(Former) FEMA Director, Mike Brown
And now let’s throw in a twist, explosives near the levees:
“I heard from a very reliable source who saw a 25 foot deep crater under the levee breach,” Louis Farrakhan explained during a stop in Charleston, South Carolina. “It may have been blown up to destroy the black part of town and keep the white part dry.”
Not a drop! All we got was a drying 30-40mph wind. Now the air is hot and humid, the grass is brown, and there’s no end in sight to summer.
Today’s picture looks better than yesterday. So now we sit and wait – wait to see how much wind and rain we’ll get. Funny though, how news/rumor of events happening south of here (i.e. the evacuation effort) have spread around today. In the halls, at McDonalds at lunchtime, on the radio, everywhere you turn you get a different version or an updated version. But leave it to the Cajuns to ignore the weather and party on:
In Lafayette, Cajun fest rages on
Inundated with hurricane victims, they celebrate survival
12:00 AM CDT on Monday, September 19, 2005
By GILLIAN FLACCUS / Associated Press
LAFAYETTE, La. – Their homes are bursting with guests. Their schools are overwhelmed. Traffic has been at a standstill for three weeks since thousands of New Orleans hurricane evacuees arrived in search of shelter.But Lafayette, the capital of Cajun country, still knows how to party.Throngs turned out during the weekend for the opening days of the Festivals Acadiens, billed as the largest Cajun festival in the world, in a show of just what joie de vivre means.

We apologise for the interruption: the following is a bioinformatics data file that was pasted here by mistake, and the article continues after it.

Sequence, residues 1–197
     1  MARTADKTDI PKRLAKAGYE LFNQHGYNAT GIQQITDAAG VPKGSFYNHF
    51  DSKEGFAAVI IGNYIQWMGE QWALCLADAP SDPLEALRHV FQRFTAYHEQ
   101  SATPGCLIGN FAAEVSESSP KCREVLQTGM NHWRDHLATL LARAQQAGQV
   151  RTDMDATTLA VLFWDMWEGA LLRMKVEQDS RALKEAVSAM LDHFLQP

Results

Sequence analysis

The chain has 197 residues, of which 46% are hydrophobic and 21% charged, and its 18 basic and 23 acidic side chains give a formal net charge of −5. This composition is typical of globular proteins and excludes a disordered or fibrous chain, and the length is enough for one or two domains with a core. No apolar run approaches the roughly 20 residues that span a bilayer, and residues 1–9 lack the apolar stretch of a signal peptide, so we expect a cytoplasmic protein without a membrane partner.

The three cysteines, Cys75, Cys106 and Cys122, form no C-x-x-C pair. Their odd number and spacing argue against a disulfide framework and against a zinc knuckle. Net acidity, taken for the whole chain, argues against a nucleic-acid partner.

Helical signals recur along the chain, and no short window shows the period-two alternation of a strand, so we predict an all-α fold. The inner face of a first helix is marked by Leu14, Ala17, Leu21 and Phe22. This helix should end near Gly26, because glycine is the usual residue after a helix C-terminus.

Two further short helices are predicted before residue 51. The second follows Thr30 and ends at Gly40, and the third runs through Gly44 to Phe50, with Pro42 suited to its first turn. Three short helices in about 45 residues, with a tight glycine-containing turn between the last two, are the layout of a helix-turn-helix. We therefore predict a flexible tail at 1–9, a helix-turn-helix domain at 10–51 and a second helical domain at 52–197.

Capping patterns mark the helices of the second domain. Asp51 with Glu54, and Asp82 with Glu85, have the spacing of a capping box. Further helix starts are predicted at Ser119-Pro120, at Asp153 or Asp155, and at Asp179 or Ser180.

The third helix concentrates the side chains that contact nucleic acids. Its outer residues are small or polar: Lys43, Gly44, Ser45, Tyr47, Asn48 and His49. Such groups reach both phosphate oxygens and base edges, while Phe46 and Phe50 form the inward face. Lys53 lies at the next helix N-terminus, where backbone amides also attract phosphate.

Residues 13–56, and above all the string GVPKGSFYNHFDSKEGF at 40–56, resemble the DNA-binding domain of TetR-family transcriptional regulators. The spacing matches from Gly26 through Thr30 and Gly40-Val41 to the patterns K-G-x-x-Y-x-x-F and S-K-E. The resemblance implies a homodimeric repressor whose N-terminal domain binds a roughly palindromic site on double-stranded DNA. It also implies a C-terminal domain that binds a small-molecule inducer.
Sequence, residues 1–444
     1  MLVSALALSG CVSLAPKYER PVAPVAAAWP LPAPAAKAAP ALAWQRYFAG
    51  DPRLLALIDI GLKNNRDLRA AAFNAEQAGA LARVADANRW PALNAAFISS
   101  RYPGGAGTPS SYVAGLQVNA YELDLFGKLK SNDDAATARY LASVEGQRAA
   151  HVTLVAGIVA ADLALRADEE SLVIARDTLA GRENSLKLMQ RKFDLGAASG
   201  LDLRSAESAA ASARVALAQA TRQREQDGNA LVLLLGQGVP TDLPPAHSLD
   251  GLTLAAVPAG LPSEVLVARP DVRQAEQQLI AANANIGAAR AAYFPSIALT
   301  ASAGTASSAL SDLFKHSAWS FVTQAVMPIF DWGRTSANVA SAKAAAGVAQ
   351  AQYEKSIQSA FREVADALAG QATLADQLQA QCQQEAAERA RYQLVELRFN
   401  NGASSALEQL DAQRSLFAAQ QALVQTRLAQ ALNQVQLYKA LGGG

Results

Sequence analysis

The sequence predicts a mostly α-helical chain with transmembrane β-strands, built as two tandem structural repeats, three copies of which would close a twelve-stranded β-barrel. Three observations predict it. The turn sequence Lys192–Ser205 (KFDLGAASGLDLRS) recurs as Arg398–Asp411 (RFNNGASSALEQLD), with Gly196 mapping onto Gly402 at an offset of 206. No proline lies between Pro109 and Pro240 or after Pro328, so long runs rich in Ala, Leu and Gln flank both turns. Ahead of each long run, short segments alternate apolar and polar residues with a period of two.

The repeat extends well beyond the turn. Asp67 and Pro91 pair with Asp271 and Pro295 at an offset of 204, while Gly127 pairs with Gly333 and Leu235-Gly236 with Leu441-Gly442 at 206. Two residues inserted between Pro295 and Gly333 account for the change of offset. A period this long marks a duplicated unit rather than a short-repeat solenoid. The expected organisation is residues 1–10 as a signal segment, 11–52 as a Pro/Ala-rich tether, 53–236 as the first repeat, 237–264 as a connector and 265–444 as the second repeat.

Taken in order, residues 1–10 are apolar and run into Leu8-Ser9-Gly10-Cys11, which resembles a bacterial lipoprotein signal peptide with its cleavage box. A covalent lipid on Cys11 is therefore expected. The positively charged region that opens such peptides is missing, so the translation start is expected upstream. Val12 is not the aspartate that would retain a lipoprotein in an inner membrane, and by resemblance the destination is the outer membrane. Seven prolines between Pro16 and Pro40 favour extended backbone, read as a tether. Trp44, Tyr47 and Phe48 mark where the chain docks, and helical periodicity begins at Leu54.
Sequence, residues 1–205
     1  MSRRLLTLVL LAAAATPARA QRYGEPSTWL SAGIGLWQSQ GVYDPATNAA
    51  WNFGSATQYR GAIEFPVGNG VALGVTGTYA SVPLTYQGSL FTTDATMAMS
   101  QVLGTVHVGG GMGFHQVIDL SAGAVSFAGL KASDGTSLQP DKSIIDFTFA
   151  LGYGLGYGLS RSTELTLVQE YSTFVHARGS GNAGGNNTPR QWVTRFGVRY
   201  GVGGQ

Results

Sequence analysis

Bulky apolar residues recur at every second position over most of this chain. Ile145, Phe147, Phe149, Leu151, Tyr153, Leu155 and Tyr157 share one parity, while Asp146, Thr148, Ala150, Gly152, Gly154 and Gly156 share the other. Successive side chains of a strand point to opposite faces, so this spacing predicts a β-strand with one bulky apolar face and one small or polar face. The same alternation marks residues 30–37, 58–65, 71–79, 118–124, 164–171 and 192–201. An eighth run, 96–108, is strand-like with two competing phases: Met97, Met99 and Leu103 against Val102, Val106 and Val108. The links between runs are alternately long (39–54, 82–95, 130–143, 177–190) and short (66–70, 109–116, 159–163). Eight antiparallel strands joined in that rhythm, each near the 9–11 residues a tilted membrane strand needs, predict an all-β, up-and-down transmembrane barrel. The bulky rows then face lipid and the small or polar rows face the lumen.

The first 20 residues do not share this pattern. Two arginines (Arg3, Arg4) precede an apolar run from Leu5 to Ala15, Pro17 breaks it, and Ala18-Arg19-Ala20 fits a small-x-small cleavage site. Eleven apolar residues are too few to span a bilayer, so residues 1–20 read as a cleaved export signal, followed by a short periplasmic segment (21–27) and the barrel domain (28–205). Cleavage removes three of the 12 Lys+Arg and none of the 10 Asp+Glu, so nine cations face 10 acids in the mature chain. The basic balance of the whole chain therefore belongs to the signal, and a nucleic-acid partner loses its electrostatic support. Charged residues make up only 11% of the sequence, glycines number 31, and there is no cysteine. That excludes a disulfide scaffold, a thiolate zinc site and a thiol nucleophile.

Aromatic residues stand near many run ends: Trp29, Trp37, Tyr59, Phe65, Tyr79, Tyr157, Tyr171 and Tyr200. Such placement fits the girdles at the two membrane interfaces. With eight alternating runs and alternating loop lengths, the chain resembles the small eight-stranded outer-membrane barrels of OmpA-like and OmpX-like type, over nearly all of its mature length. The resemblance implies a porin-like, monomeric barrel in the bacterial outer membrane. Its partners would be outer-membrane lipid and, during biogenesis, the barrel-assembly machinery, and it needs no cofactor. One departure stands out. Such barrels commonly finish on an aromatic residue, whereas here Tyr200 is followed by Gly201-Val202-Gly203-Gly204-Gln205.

Here’s the latest…she’s still coming.
So what is the big deal with Hurricane Rita? It could be the first major hurricane since Alicia in 1983 to hit the Texas coast! And here in the Brazos Valley we will not escape her effects. Of course, it is way too early to know exactly where Rita will strike but the Texas coast looks like a good bet. Based on the latest info, I believe Rita will strike somewhere between Galveston and Matagorda Bay and continue heading north into our backyards. Landfall will occur early Saturday morning. Source: Conley Isom meteorologist at KBTX Channel 3 News
On a personal note, this does not paint a pretty picture for my home and surroundings: there are only 2 trees within hundreds of yards of the house, 1 next to my parking spot, 1 next to my front window. Not good. We’ve gone through TS force winds before (70 mph) and the trees bent, lost leaves, but came back. If we get 80+ mph winds, I fear these trees won’t bounce back.
Until tomorrow or next time.
NOW it’s getting personal Mother Nature! Hurricane Katrina was bad – it killed a thousand plus people, destroyed a few hundred miles of Gulf Coast, disrupted thousands of lives, spiked gas prices – but Hurricane Rita wants to pour salt in the wound and then some.
This is definitely the year of the hurricane – 17 named storms so far and we have 6 more weeks left in the season! Some have suggested the Russians and Japanese are in kahoots to make a weather machine to destroy America.
Secretary Cohen was well-briefed on these weapons and their use by “terrorists” – in this case, the Japanese Yakuza crews who leased large strategic Russian scalar interferometers from the KGB in latter 1989. They have been engineering the weather over North America initially (and in some other places) since then, and have since become the most skilled interferometer operators on the planet. They are also being used as direct protégées by the KGB/FSB, which has moved them into the final Operations Phase of the long asymmetric war against the United States. Source: Scott Stevens (meteorologist) at http://www.weatherwars.info/Katrina.htm